Nadal took three years to win Wimbledon in 2008, during which time he hugely changed his technique to become more efficient. His No.1 rival Federer - who won the tournament every year between 2003 and 2007 - was playing fast, taking the ball early and used a choppy backhand a lot. This gave the Spaniard completely different angles to deal with, compared to clay.
Rafa struggled when attacked on his forehand. The big loop his arm took often made him late to the ball, so he had to play shorter and with more fragility. In order to improve his counter-attacking game, he shortened his preparation, keeping his elbow lower and speeding up the work of the racquet head - a technique often used to return an opponent's first serves. With this change he generated less speed, but better use of the speed of the ball made up for this.
He had to find more power, knowing that aces and winners are mandatory if you are to succeed on grass. Plus, if he could convince his opponents that he was unreachable on his first serve, he could place more pressure on their returns. He had to find a way to gain speed, so he increased the falling distance of the racquet - however this solution did not work. Instead of giving more freedom to his wrist in order to send the head of the racquet higher, he raised his hand and also lifted his elbow far higher than the shoulder line.
Technically this motion lacks accuracy, but it did give him more speed: a 184km/h average speed compared to 158km/h in 2003 testifies to this. Even if he remains some way off the efficiency he seeks, he reached his goal of winning Wimbledon.
Besides this technical work, Nadal tried to improve all areas of his game - and especially his backhand, adding the slice. This shot improved a lot but was still not crushing enough, sometimes putting him on the defensive afterwards. Playing doubles on a regular basis also helped him work on the shots he needs: the serve, the return and the net game. As years passed, he began to play more and more offensively.
Phase 3: Success on All Surfaces (2008-)
Far from being satisfied with his Wimbledon triumph, Nadal set new goals for himself. He had never won the US Open, but knew he would shine on all surfaces if he could find a more universal technique. The serve was still his biggest consideration as he had to bring it up to the level of the rest of his game; at Flushing Meadows, with faster, lesser rebounding courts than those in Australia, the serve can be decisive. On the forehand, he was now taking advantage of his shortened motion but also knew he had lost his ability to find angles such as the inside-out short ones.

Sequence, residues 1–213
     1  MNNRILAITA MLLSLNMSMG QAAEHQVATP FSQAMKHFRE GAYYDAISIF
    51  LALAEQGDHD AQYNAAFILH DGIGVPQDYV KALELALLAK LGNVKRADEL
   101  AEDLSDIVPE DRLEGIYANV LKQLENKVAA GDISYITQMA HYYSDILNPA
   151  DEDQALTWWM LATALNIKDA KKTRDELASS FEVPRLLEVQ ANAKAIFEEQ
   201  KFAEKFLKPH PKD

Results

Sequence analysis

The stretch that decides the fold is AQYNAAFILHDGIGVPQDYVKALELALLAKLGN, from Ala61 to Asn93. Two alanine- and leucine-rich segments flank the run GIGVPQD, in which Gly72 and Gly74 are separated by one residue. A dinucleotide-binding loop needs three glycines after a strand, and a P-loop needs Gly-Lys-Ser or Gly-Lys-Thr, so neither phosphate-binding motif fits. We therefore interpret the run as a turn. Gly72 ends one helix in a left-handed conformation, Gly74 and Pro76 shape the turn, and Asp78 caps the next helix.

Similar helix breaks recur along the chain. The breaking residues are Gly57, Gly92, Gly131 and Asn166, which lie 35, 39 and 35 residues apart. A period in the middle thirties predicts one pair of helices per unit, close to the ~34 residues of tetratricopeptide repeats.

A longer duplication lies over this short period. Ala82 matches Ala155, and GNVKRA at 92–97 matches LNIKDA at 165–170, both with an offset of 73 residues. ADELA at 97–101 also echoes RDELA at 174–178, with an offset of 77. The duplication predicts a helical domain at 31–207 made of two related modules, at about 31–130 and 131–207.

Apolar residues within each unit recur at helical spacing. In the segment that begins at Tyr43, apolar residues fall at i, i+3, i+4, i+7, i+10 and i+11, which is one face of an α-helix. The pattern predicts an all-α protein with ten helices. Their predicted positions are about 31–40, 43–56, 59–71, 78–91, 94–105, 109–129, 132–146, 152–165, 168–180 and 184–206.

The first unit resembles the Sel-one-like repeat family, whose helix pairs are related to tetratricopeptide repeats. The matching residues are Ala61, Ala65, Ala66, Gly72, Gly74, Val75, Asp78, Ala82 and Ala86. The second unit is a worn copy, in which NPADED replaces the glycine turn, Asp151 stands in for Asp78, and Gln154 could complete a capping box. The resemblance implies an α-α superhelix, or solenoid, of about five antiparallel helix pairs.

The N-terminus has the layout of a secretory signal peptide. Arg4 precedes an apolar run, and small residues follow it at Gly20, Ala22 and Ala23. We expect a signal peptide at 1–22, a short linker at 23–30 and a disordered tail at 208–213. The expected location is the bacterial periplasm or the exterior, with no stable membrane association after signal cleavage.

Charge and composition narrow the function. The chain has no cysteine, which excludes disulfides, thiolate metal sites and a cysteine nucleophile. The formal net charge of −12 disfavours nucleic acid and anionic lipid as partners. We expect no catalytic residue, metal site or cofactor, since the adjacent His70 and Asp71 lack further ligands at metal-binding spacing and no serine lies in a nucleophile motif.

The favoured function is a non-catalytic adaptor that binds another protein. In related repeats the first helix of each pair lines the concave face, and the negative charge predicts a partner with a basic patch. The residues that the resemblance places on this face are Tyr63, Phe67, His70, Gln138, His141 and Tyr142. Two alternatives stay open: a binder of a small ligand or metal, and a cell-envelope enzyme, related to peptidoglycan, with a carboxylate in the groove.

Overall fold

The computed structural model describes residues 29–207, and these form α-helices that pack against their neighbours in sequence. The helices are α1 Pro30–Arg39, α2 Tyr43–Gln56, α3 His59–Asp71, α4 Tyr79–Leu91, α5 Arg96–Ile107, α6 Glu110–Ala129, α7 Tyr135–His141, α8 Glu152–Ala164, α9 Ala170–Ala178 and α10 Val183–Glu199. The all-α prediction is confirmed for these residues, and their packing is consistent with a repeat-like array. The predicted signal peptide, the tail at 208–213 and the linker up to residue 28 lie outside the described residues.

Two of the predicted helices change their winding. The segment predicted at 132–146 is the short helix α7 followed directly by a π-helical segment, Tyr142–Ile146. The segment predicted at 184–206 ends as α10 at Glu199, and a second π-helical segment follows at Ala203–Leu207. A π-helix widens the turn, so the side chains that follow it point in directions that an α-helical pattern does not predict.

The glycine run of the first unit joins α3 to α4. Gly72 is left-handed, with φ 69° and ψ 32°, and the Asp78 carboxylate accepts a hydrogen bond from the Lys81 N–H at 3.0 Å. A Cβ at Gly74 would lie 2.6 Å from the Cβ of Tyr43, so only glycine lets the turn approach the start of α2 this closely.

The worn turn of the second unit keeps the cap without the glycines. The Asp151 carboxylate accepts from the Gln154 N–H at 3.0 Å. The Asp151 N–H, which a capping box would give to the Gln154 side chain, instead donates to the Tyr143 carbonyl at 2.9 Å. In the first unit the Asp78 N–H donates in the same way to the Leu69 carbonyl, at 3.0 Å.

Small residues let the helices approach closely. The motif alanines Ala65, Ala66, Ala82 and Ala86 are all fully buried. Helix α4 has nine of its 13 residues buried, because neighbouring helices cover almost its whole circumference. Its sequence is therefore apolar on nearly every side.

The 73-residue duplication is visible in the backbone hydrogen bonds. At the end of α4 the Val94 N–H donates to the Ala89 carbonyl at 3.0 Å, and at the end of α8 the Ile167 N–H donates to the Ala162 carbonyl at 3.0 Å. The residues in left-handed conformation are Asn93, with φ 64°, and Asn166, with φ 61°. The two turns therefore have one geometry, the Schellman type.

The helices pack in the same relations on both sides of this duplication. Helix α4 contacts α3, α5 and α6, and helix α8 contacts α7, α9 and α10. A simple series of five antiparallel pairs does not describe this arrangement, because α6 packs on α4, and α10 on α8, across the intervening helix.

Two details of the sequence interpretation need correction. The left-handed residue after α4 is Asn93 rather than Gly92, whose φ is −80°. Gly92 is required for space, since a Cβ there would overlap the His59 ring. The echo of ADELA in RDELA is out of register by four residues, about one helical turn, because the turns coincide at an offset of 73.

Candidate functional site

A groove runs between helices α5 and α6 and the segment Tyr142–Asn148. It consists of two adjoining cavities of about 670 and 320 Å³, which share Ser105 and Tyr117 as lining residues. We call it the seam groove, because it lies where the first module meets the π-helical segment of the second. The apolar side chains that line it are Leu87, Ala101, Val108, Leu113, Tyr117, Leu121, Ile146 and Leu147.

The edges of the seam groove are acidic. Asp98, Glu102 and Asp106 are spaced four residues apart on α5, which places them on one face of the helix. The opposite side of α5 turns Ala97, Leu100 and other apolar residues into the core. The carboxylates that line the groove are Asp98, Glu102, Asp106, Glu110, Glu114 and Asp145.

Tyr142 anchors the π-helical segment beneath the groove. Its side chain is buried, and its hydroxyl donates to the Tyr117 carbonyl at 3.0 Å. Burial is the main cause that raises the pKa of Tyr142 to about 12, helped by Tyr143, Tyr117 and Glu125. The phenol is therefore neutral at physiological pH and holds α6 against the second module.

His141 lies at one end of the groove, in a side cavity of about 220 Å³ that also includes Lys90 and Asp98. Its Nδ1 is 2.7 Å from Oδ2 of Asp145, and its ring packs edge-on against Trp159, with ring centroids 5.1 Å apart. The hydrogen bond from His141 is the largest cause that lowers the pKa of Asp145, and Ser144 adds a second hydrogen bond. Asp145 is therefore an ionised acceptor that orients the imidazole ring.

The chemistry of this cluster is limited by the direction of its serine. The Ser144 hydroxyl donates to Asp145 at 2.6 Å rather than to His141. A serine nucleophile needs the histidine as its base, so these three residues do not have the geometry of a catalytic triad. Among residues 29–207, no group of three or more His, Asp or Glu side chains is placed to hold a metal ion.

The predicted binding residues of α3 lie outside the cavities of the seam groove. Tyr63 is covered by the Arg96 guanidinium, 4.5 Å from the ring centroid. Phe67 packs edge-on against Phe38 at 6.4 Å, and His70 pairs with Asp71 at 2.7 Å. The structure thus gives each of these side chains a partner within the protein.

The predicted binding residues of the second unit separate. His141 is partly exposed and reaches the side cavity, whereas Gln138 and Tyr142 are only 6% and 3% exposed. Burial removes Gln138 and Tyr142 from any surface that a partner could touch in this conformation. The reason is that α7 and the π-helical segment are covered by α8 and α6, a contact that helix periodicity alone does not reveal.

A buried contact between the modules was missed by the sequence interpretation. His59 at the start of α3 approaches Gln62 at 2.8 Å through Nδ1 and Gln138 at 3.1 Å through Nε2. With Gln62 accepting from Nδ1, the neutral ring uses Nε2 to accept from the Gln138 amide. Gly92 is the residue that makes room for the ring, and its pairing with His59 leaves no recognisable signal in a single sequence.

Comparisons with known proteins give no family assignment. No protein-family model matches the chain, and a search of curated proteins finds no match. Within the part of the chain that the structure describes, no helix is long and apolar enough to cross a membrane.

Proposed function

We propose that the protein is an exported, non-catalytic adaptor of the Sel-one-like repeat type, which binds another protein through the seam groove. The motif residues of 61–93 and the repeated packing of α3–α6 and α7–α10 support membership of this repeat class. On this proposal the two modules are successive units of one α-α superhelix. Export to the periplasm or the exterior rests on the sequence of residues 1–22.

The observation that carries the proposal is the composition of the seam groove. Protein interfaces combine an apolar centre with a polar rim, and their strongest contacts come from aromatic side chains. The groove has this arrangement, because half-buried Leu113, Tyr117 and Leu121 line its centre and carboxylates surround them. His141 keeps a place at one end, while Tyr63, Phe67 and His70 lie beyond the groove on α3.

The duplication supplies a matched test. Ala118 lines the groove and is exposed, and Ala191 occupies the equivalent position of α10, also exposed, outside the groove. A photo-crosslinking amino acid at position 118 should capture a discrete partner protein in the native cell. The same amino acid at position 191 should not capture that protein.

In 2005, his preparation was higher and his loop bigger. His hand was level with his pectorals, whereas in 2011 it is lower, near the abdominal region. His elbow was also much higher in 2005, ending the head of the racquet a good 50cm higher. Also in 2005 the elbow was placed further from the body - in 2011 its position prevents the big loop.
Comparison between 2008 and 2011 clearly shows that Rafa is back to using his 2005 motion. His elbow is lower than in 2008 when his hand was high above his head. He no longer trespasses over the shoulder line.
His wrist is still 'broken' when he raises the arm, but he now succeeds in better raising the head of the racquet in order to gain speed. His toss is now higher and he strikes the ball when it hits its highest point, whereas before he was hitting it on the way down. And he is finally dealing better with the bodyweight transfer forward so he gains more power. The numbers speak for themselves: he increased his average speed on first serves from 184 to 190 between 2008 and 2010, while the number of aces follows a similar path, increasing from 210 to 310.
During all the work on his forehand, he lost some speed because it was generated by the loop. Therefore he sought another way of gaining it, improving the work of the wrist to whip the ball. Rafa's forearm now travels ahead of his hand, which is in turn ahead of the head of the racquet, perpendicular to his arm. With a whip-like action it makes up for the lost time, arriving with a lot of speed. This is what gives the shot its striking quality. A lab based in San Francisco measured that Nadal's topspin reaches a rotation of 3,200 turns per minute, compared with the 1,900 turns per minute of Agassi and the 2,700 turns per minute of Federer.